SDG 3 – good health and well-being – was the focus of a number of projects. One student group looked at the issue of waste collection and disposal, identifying that the current approach taken by municipal authorities was time-consuming and inefficient. They came up with a smart waste disposal system equipped with sensors that would alert waste disposal vans when bins were full, providing an exact location over Bluetooth and GPS. This had the added benefit of addressing SDG 11 (sustainable cities and communities) and SDG 13 (climate action).

Another group came up with an emergency solar-powered flashlight, aligning with SDG 15 – life on land. The torch not only provides light, but it also incorporates a compass and can send out a distress signal if campers or hikers get lost. A USB power bank is built into the torch to charge mobile phones and other devices. The students on this project were also supporting SDGs 7 (affordable and clean energy) and 13 (climate action).

One group of students sought to address financial and health inequality faced by those with mobility impairments and disabilities. They proposed an accessory that converts a manual wheelchair into a solar-powered one within two minutes. In this case, the students were all freshmen just commencing their engineering studies.

At the end of their projects, the solutions were presented at PSAU’s SDG Week. Elias remembers the event as having a carnival atmosphere, with students’ families invited and academics from within PSAU and beyond showing up to see the results. Posters explaining each of the SDGs ensured that a wider audience could understand their significance. “This was the first time any institution in the Kharj province had done anything like this, and was the culmination of all our hard work,” Elias adds.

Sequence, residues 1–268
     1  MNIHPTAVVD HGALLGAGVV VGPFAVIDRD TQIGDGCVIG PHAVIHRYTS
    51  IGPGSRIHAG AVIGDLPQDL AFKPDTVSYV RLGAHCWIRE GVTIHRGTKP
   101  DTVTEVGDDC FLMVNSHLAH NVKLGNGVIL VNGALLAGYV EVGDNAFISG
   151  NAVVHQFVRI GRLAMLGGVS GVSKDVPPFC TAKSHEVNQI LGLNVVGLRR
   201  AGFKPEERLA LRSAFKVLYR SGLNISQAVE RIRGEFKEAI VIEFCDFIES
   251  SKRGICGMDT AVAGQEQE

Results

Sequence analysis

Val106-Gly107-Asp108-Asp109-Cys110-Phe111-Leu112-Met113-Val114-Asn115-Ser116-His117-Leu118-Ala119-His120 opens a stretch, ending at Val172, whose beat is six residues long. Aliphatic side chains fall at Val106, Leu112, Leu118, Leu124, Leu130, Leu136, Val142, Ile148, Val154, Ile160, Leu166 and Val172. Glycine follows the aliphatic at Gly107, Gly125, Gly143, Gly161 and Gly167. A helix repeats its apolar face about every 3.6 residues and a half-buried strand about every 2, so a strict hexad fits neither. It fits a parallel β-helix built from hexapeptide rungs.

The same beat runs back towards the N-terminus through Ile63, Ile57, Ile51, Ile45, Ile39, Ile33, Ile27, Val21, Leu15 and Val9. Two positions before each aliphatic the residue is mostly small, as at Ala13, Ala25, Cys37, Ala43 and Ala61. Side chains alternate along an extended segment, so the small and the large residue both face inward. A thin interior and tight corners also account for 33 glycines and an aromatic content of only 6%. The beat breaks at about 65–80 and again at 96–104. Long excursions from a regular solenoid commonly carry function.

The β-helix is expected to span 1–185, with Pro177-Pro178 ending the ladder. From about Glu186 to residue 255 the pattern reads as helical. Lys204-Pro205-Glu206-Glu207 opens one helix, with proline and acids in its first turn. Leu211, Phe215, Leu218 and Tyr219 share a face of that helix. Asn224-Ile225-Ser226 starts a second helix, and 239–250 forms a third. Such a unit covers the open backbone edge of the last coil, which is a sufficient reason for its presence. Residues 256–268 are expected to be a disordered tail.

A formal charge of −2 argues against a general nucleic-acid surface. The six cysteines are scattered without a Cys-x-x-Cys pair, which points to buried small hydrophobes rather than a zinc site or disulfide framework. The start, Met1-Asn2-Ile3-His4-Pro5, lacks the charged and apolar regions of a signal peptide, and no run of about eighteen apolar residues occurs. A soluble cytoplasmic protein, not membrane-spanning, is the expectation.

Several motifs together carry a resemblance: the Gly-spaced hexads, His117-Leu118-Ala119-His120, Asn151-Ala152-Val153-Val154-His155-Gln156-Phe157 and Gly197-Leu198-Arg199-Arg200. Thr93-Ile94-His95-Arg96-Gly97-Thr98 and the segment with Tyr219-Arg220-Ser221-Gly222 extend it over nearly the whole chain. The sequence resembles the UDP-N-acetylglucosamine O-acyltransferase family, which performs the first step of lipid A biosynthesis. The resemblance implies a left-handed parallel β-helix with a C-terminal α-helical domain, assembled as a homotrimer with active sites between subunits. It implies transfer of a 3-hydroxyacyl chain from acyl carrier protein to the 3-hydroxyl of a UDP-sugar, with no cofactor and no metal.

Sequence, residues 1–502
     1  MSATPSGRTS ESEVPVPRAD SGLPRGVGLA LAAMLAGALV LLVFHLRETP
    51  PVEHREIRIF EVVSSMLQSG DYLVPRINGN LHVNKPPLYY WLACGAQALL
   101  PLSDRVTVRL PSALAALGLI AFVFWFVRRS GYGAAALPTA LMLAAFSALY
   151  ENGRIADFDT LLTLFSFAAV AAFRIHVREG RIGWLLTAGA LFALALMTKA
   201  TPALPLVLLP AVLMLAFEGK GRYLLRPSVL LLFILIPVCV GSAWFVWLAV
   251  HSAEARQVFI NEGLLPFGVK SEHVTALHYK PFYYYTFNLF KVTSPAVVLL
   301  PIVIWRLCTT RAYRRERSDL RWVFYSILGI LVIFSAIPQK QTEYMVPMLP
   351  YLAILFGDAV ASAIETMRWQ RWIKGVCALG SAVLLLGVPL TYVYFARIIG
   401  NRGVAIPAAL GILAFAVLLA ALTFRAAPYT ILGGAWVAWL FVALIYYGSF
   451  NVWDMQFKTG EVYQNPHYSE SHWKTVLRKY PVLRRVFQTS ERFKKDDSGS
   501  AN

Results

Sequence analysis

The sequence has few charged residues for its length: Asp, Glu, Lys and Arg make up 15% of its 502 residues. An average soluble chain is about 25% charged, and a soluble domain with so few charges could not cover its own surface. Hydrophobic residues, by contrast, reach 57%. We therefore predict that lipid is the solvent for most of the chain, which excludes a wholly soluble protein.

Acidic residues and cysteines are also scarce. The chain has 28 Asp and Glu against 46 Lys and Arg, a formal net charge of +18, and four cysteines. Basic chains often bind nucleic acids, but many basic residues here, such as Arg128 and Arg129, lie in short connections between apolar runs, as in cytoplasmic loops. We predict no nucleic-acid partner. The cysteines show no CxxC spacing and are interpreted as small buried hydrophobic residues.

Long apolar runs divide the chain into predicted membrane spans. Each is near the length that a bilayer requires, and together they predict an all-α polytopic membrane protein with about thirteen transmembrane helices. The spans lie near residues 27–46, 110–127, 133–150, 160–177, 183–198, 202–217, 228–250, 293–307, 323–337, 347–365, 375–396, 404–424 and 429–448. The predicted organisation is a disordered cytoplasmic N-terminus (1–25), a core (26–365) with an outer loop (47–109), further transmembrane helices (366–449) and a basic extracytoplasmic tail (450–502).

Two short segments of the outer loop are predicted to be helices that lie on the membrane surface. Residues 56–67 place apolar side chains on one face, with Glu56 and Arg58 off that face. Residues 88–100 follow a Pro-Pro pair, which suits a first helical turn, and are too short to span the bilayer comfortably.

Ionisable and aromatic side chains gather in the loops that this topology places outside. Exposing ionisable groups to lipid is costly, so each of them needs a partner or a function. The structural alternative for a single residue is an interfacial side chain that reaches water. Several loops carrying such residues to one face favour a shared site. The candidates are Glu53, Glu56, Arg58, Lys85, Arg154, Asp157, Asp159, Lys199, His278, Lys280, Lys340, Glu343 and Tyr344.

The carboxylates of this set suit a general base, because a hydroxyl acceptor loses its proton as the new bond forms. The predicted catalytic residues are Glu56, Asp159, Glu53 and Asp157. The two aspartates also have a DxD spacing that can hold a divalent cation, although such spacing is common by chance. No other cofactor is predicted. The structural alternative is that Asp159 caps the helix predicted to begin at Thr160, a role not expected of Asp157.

Last year’s SDG Week was led by PSAU’s engineering faculty, but the 2023 event will involve university-wide disciplines. All of the departments will invite student teams and mentors to share their projects at SDG Week, and contributions will be judged and winners chosen. For some professors, this has been their first encounter with the SDGs, so spreading the concept of embedding the goals into practical learning outcomes is vital if the university is to meet its sustainability goals. 

The College of Engineering’s SDG project has become a beacon of sustainability at PSAU, which is making progress towards embedding the UN goals into both campus life and the academic programmes it offers. A sustainability committee is tasked with crafting policies and initiatives that cut carbon emissions on campus by reducing commuting and energy use.

At curriculum level, departments are looking at how current courses can be adjusted to promote the SDGs, or whether they could offer entirely new courses focused on the goals. While Elias is keen to further PSAU’s progress in THE­’s Impact Rankings, his main goal is to ensure the students are involved at every step. “This is how we convince the next generation that this is important,” he concludes. 

Read more about the outcomes of the 2022 SDG Week. 

Find out more about Prince Sattam Bin Abdulaziz University.